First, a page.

The history of Swiss mechanical watchmaking is littered with stories of brands that perished, unable to cope with the onslaught of the Quartz Crisis in the 70s and 80s. DuBois et fils, founded in 1785 in the Swiss watchmaking town of Le Locle, would have faded into oblivion too had it not been for one man’s impending midlife crisis.
Thomas Steinemann, the former CEO of Fossil Watches Europe, felt the need to do something more meaningful than buying a Harley Davidson as a response to turning 50. So in 2010, he acquired a struggling but pedigreed Swiss watch company from its German owners with the aim of transforming its fortunes in the years to come.
This was no impulse buy. Steinemann had been scouting the market for a company that would tick all the boxes in his checklist. “The company had to have some history and heritage, it had to be family-owned and needed to still be active,” says Steinmann. “But importantly, it should have been a struggling business, that’s the only way I could have afforded it.”
Founded in 1743 by Moise DuBois, the company was established as DuBois et fils in 1785 after Moise’s son Philippe took over in 1760. The brand claims to be the oldest Swiss watch factory and is one of the oldest Swiss watch brands around now.
“The DuBois family owned the brand till the 80s before they sold it to a German business during the Quartz Crisis. It passed through three different owners in Germany over the next 25 years. They still made watches, but they were sold mainly in Germany. They pretty much faded out of Switzerland,” recalls Steinemann.
Steinemann knew the acquisition was the easiest piece of the puzzle. Jean-Claude Biver famously turned around Blancpain in the 80s, A. Lange & Söhne was resurrected as a haute horology brand nearly five decades after the German Reunification in the 1990. However, there’s been no major revival of a watch brand in the last 10 years.
“I stood no chance if I tried to take on the big brands, I am never going to match their marketing and distribution might,” says Steinemann. As clichéd as it sounds, Steinmann knew he had to think different to stay in the game. “Where is the watch and luxury business going to be in 10 years? What is the luxury consumer going to be like in a decade? How are they going to interact with the brand? We started thinking about these questions,” recalls Steinmann.
He gathered a clutch of marketing gurus and consultants and brainstormed ideas and two years later, he had his vision for the new DuBois et Fils brand. “The luxury of the future is going to be about limited access. Price will not determine luxury; it will be more about availability and rarity. The future is understatement – people want to wear a luxury product but do not want to flaunt it anymore. Our consumer of the future is a digital native, 85 percent of millennials today make their buying decisions on the phone. So a lot of the existing patterns in the watch industry was not going to work for us,” he says.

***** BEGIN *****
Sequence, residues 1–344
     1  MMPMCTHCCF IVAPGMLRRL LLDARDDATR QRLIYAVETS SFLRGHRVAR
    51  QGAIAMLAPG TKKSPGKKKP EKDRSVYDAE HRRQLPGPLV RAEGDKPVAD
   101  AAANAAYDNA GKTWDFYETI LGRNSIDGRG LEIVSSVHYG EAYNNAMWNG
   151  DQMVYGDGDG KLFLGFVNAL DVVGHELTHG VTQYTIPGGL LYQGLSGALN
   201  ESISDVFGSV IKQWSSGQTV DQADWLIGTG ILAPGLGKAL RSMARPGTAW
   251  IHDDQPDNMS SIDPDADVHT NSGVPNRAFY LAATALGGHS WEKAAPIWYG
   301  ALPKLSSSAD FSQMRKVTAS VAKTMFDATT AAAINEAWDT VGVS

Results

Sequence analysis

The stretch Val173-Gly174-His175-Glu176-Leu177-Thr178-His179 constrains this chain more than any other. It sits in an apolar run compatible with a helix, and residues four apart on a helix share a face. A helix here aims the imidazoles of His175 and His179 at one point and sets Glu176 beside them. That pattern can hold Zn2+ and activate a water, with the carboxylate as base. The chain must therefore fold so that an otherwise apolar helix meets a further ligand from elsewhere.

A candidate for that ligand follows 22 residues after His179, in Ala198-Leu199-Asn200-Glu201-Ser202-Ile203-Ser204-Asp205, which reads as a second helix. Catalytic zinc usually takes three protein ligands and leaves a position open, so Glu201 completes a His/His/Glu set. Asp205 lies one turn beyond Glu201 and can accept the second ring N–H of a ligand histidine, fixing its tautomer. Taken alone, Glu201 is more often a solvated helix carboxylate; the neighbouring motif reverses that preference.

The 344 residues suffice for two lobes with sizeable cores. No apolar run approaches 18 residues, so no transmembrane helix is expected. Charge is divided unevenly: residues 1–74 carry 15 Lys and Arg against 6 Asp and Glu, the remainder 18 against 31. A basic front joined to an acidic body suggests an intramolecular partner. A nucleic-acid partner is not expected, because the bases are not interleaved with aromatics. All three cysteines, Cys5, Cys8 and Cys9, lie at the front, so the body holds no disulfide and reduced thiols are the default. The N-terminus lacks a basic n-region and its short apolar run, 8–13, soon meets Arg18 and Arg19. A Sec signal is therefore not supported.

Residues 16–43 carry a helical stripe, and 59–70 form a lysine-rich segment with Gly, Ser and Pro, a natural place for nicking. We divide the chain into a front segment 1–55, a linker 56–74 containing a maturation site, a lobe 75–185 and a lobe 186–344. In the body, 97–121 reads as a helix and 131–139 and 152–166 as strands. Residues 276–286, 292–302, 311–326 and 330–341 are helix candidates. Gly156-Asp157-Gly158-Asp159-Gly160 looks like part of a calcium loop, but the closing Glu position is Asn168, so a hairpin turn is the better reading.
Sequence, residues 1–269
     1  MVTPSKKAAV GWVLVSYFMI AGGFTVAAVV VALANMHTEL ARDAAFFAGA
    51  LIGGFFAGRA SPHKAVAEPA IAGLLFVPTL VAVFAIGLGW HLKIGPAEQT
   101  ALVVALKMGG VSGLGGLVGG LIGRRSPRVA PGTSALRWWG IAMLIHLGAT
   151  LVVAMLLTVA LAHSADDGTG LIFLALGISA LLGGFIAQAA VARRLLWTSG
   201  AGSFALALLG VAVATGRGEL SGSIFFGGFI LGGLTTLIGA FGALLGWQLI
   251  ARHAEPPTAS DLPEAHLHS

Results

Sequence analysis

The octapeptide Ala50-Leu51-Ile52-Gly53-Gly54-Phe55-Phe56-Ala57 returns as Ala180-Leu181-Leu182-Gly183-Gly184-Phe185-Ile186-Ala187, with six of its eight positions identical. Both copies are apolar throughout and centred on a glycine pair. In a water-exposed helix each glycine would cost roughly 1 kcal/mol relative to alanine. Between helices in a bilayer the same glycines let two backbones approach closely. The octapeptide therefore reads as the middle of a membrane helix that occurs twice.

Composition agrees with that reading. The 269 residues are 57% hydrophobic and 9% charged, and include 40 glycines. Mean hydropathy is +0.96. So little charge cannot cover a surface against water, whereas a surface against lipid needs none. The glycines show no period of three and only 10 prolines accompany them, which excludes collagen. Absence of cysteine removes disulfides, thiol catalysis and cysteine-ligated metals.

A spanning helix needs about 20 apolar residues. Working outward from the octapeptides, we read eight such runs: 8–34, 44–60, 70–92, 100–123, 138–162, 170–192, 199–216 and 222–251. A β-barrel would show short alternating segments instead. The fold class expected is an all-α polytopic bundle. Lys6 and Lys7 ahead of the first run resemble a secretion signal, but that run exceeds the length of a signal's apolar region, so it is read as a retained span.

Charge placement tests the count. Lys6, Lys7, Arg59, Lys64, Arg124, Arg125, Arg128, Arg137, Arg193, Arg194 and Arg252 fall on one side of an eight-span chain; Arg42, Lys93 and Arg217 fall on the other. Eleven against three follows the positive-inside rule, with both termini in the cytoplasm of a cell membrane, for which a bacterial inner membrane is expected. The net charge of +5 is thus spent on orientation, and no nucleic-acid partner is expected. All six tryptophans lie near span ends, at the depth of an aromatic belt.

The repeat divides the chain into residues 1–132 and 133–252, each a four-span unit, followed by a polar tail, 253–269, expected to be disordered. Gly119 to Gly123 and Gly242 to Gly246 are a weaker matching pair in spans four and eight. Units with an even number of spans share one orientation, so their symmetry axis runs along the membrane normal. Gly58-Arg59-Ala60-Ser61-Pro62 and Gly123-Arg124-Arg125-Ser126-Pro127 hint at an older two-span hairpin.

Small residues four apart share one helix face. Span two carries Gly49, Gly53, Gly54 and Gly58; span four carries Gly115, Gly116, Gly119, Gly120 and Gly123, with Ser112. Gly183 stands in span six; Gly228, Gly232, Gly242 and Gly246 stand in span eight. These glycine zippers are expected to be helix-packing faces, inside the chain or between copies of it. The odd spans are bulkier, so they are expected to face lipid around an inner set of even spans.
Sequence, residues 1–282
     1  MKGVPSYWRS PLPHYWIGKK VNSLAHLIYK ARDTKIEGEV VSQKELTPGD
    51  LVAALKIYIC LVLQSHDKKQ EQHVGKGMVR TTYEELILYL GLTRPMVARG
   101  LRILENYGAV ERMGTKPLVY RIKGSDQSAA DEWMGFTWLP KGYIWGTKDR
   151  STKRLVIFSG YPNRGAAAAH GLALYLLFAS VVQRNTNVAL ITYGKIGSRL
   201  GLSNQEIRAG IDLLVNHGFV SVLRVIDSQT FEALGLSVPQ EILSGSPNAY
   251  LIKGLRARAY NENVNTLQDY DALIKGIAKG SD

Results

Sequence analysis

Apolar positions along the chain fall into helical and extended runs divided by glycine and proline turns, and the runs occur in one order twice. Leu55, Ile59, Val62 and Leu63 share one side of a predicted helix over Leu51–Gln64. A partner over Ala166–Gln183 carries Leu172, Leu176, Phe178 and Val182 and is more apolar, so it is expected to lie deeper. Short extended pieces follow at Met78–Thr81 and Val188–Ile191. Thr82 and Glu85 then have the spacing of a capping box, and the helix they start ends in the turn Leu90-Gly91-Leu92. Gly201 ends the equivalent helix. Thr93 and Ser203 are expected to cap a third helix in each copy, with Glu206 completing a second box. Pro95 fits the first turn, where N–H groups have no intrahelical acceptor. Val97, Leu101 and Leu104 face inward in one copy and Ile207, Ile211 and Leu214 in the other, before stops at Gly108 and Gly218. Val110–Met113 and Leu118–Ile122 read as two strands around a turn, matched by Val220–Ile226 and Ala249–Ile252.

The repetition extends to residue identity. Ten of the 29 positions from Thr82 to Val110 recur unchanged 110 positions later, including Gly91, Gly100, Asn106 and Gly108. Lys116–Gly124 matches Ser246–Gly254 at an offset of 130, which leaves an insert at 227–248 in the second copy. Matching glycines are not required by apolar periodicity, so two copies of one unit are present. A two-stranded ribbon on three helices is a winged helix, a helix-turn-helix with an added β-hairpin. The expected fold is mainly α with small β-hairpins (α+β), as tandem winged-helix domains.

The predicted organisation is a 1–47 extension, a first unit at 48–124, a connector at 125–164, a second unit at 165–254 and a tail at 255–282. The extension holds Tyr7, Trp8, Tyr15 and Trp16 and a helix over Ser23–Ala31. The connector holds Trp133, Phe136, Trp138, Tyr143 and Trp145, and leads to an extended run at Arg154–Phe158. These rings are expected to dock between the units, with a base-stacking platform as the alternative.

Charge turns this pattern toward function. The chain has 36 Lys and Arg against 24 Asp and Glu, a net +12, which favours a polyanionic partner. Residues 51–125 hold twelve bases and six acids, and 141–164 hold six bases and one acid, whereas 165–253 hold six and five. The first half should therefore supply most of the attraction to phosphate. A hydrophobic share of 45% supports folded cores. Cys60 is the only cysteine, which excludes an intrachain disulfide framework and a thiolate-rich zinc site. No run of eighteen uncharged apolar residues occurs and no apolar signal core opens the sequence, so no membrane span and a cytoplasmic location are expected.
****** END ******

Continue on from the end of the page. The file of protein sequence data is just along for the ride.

So Steinemann now had a plan, he still needed the capital to bring this to fruition. He did with DuBois et fils something that was hitherto never attempted in the industry - an equity-based crowdfunding scheme that allowed consumers to buy shares and become stockholders. There were many naysayers given that back in 2012, there were no crowdfunding platforms like Kickstarter active for watch brands, but Steinemann went ahead anyway.
How difficult was it to get people to buy into his vision?
Transparency was key. They had to see a face driving the brand. I made it very clear that this is a high-risk investment because you are parking your money in a start-up. You should not need this capital in the next seven years - Thomas Steinemann
Shareholders were offered an immediate return on their investment in the form of a 50 per cent discount on the first batch of watches.
Steinemann set up a website to launch his equity-based crowdfunding model. For investments of at least CHF500 (About $500), investors would own shares of the company and the right to buy a watch with the value of CHF9,000 at half price. Those who invested CHF3,000 to CHF10,000 were given the option to buy a watch with a discount of 70 per cent each year.
It took them only five months to reach the financing target of CHF1.5 million thanks to 587 different investors. Today Steinemann owns around 65 per cent of the company. The rest of the equity is divided between close to 930 shareholders from 31 different counties.
Dubois et fils also offers a rental plan for customers who want to try on one of their timepieces for short term periods (like 3 months). For as little as $150, clients can rent a timepiece from the brand’s website.